By Nathan Craig Oct 31, 2020

Share this article:

DURBAN – The community of KwaMashu are outraged and disappointed by the justice system as cases of gender-based violence and violence against children continue to rise. Community activists labelled it a crisis.

The latest casualty was an eight-year-old girl, her assailant was allegedly the 61-year-old caretaker of the building where she lives.

She is allegedly his sixth victim.

He appeared in Ntuzuma Magistrate’s Court on Tuesday to apply for bail but the case was remanded to Tuesday over discrepancies with his personal information.

A few weeks prior four-year-old, Minenhle Sanelisiwe Mhlongo was found in bushes after she was allegedly raped and stabbed to death by a 15-year-old relative who has since been arrested.

A month ago two women, who were also found in bushes in KwaMashu, were both shot in the head.

The single mother of the eight-year-old said she was fearful that her daughter’s alleged rapist would be granted bail and be set loose on the community.

“I saw my daughter leave his office and asked what she was doing and she said she was told to never speak of what happened, I kept asking and then she told me but that this was not the first time. From there we went to the clinic, then Mahatma Gandhi Hospital and then opened a case at the police station. This nightmare began about two weeks ago,” she said.

But what scared the mother was just how many other parents had similar stories.

Protesters gathered with placards and sang songs of support. Image: Nathan Craig.

“People are left feeling hopeless and desperate as they don’t know where to turn to as cases have dragged on or perpetrators have been granted bail. There are just too many victims. We started a petition to ensure we get justice that has over 500 signatures.”

Community leader, Vusi Makhanya, from the KwaMashu School of Dance, said the scourge had gone on far too long and that now was the time for the community to rally together.

“We all have a role to play, we must provide support to families who don’t know where to turn to and show these monsters that they cannot escape justice. The mother of the eight-year-old girl reached out to me and I have been doing my best to support and be there for them. We have to be there for each other.”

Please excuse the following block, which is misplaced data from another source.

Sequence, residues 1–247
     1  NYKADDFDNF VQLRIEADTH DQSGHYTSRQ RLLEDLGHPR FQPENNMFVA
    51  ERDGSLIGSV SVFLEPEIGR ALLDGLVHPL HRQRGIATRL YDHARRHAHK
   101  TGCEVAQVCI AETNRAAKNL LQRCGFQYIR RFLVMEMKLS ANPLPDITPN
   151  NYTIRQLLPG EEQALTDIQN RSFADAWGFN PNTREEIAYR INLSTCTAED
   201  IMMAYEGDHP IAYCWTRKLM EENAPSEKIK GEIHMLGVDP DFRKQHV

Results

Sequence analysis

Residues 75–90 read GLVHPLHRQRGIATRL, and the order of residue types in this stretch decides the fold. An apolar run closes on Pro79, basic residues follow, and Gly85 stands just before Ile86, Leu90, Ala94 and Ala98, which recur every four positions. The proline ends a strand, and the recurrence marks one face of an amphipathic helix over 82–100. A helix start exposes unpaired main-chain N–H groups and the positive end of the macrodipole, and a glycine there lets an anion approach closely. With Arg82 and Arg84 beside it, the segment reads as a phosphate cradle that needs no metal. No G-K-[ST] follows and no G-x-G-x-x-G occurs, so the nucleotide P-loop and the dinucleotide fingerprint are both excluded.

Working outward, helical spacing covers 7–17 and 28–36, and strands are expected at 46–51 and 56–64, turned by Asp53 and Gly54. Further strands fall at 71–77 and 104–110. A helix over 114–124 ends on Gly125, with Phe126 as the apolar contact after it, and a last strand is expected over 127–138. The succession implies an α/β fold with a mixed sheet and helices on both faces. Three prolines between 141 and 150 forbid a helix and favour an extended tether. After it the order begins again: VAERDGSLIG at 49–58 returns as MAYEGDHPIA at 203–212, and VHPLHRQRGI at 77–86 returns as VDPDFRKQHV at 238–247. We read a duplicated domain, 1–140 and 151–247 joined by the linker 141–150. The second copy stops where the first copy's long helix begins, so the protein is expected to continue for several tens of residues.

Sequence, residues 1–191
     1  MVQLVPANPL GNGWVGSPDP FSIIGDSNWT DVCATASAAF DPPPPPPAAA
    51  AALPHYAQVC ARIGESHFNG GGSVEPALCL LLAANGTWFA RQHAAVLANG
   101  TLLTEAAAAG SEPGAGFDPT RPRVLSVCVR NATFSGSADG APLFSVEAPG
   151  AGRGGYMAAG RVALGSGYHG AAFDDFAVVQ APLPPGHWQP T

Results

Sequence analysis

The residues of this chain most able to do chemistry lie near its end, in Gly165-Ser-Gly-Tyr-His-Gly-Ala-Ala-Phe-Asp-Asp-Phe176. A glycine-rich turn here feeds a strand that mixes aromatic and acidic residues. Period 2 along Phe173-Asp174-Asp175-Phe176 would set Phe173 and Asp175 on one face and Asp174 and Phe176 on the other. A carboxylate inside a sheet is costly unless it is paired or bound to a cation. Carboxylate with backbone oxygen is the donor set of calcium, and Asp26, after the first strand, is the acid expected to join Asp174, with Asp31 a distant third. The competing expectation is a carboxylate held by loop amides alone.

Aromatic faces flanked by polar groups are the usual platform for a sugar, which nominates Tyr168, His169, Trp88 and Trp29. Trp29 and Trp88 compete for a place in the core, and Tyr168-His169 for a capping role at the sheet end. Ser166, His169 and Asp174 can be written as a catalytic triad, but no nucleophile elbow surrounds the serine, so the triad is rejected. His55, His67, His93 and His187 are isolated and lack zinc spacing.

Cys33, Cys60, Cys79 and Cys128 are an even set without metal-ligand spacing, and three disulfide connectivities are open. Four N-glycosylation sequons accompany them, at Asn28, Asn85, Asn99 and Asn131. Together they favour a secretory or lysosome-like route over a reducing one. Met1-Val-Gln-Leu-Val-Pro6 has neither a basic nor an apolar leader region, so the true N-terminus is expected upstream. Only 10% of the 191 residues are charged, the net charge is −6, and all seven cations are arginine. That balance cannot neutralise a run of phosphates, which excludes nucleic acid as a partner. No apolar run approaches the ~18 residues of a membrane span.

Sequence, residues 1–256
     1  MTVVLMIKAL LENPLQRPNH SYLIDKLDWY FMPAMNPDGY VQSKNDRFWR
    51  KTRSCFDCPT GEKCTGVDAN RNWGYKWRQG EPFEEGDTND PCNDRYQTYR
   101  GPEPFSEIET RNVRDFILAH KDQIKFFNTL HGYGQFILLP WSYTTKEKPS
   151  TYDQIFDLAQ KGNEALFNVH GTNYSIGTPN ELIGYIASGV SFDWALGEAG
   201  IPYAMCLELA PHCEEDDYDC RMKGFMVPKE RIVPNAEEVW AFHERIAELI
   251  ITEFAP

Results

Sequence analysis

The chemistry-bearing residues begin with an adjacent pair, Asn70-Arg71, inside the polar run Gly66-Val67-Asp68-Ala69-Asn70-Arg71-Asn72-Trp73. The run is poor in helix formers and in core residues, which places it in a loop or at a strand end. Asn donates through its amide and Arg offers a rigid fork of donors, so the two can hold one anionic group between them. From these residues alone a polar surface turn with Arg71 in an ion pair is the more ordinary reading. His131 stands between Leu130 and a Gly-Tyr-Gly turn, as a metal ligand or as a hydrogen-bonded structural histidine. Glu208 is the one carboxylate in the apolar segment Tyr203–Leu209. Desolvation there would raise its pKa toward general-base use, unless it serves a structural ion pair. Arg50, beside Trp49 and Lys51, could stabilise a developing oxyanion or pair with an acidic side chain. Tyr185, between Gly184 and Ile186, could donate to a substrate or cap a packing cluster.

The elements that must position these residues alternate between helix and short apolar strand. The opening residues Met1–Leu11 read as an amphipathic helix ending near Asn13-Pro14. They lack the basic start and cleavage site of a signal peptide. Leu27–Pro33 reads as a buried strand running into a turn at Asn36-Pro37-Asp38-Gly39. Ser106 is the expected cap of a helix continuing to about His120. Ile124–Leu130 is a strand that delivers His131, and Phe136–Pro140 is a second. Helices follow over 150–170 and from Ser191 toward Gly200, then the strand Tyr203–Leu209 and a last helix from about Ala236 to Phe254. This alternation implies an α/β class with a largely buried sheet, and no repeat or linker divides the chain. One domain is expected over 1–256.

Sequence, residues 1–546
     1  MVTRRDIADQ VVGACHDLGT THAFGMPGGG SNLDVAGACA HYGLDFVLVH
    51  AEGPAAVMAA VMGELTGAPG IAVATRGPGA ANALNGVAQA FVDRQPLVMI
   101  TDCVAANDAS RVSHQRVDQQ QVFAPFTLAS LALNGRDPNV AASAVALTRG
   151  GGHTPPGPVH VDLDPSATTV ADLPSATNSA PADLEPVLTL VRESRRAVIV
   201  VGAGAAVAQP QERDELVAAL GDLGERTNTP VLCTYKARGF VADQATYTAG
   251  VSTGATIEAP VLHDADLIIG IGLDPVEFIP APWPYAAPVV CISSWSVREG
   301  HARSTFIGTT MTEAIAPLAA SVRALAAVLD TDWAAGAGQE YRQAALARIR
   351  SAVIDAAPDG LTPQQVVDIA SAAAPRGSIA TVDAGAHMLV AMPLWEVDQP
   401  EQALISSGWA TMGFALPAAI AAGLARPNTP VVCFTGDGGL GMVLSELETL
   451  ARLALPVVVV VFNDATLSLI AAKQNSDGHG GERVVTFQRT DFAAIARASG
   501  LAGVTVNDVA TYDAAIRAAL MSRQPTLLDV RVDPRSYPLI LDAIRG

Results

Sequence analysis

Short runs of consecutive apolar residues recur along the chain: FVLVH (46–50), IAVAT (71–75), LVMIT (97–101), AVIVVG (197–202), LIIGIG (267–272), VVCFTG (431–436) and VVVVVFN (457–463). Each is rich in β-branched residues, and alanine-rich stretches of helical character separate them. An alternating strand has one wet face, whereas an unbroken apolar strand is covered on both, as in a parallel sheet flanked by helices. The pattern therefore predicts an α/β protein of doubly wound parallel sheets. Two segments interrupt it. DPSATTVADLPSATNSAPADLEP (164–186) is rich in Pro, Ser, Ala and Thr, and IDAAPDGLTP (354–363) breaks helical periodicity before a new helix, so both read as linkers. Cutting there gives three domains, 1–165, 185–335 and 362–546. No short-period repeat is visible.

For two weeks now, protesters have rallied outside the court to provide support to victims and their families. They chant, dance and use placards to show that the community is behind them.

Member of provincial legislature Zinhle Cele said she had been attending the various court cases since last Friday.

“KwaMashu is my constituency and I care for the community and a spotlight must be shone on this crisis. Children are found dead in bushes, a woman was burned alive by her husband, a four-year-old was raped and murdered and now we have this eight-year-old. She was not his first, his youngest victim was allegedly four-years-old and this happened in 2015. Bail cannot be allowed to be granted to rapists and murders. They are animals and do not belong in society.”

Remona Mckenzie from the DA’s Women’s Network also attended the rally and said courts are far too lenient.

“This is about the human rights and dignity of these women and children who are crying out for support and justice but by granting bail to their assailants it is like a slap in the face. This postponed of the case will draw out the anxiety and suffering of this young girl and her mother.”

Jennifer Fisher from the Women and Men of Valour, which is part of a larger provincial network of about 300 civil bodies, said KwaMashu had become a hotspot for GBV and child rape.

“This is a crisis, it is a war that we are fighting. We need to be more proactive than reactive. Yes, awareness must be created but aftercare is just as important. Victims and their families require counselling and all the support they can get to be able to live healthy lives.”

Sunday Tribune





Source link